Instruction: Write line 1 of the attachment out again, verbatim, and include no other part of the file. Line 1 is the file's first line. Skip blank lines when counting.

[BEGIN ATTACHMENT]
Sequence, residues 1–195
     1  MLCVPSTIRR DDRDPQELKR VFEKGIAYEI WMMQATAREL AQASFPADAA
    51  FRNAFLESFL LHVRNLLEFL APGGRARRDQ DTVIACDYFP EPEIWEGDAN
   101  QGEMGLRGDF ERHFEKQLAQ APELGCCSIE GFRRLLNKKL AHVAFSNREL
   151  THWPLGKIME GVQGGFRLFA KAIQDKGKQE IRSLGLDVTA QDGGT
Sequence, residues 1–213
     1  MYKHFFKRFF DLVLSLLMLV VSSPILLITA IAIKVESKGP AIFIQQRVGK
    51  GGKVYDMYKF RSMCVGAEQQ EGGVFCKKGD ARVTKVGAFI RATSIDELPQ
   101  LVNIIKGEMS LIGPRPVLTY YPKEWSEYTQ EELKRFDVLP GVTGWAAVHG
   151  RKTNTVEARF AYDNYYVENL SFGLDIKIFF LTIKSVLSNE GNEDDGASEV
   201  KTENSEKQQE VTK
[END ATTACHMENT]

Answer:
Sequence, residues 1–195